It’s that time of year when candy corn makes its appearance, pumpkin carving is in demand, spooky holiday decorations go up, and pumpkin-flavored everything is on sale. Halloween is a favorite holiday for many children and families filled with laughter, scares, masterful costumes, and of course, a seemingly bottomless bag of candy. And if you have more than one child, you are likely blessed with the accompanying high-stakes trade deals and sibling arguments over whose Halloween candy is whose that comes after Halloween.
Managing Halloween candy and encouraging healthy-eating habits can be tricky. Some parents may prefer to leave it up to their child to determine how much candy to eat; some parents may set strict rules; and some may take the Jimmy Kimmel approach and tell their kids they ate all of their Halloween candy to avoid the issue. Teaching kids to enjoy Halloween candy in moderation is ideal and may prevent some of the arguments that often surround it. One thing is for sure, Halloween is coming and having a plan ahead of time can help.
1. Consider individual differences. Every child has his or her own preferences, personality, and eating habits. If your child is not one for sweets, or is likely to eat just a few pieces, then they may be able to decide on their own how much candy to have. However, if your child is one who will likely overindulge on Halloween candy, then establishing guidelines may be especially helpful.
2. Make a plan. Discuss with your kids what the expectation for Halloween candy will be ahead of time to prevent any surprises or tantrums. Parents may choose to stipulate that Halloween candy can only be enjoyed after a child has eaten a healthy meal or snack. Some parents chose to be flexible on Halloween night and then implement a plan beginning the next day.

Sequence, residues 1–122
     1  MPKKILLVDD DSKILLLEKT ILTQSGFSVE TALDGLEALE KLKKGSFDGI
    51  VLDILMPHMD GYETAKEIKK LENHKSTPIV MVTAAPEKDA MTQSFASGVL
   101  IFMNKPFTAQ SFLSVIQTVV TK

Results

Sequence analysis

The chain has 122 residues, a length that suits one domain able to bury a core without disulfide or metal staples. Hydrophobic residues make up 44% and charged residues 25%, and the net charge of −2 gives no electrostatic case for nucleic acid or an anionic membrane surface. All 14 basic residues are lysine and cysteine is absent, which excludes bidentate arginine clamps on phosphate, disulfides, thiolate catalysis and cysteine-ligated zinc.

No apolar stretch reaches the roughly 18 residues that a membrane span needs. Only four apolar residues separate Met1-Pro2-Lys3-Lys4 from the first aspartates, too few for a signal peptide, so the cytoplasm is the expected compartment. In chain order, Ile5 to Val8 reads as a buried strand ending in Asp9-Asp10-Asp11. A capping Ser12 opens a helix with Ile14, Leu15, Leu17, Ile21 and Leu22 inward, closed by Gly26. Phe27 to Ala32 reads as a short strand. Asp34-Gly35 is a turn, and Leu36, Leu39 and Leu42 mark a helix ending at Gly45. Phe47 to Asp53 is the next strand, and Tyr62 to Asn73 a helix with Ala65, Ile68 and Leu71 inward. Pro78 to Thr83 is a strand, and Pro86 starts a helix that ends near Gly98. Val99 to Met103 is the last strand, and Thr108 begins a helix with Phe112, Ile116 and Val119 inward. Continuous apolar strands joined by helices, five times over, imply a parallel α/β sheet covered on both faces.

a. One possibility is to allow kids to pick 1-2 pieces of candy a day to enjoy and do this until the candy is gone and/or is ready to be tossed out.
b. Another option is to have children sort through their candy and toss candies that are not their top preference. Parents might give them a number of items they can keep.
c. Another idea is the possibility of buying back candy from your child by offering money or small rewards/privileges for candies that kids “sell” to you.
3. Safety inspection. As always, it is important that parents inspect Halloween candy before any is actually eaten. Parents are encouraged to throw away any candies that appear to have disruption to their packaging, that are homemade, or that appear spoiled.
4. Implement the plan. Parents may need to keep Halloween candy in an out-of-reach or secure location for kids who are likely to sneak candy or get into the bag when their parents aren’t looking.
Once you have a plan in place, you can focus all your attention on the important business of celebrating the spooky season!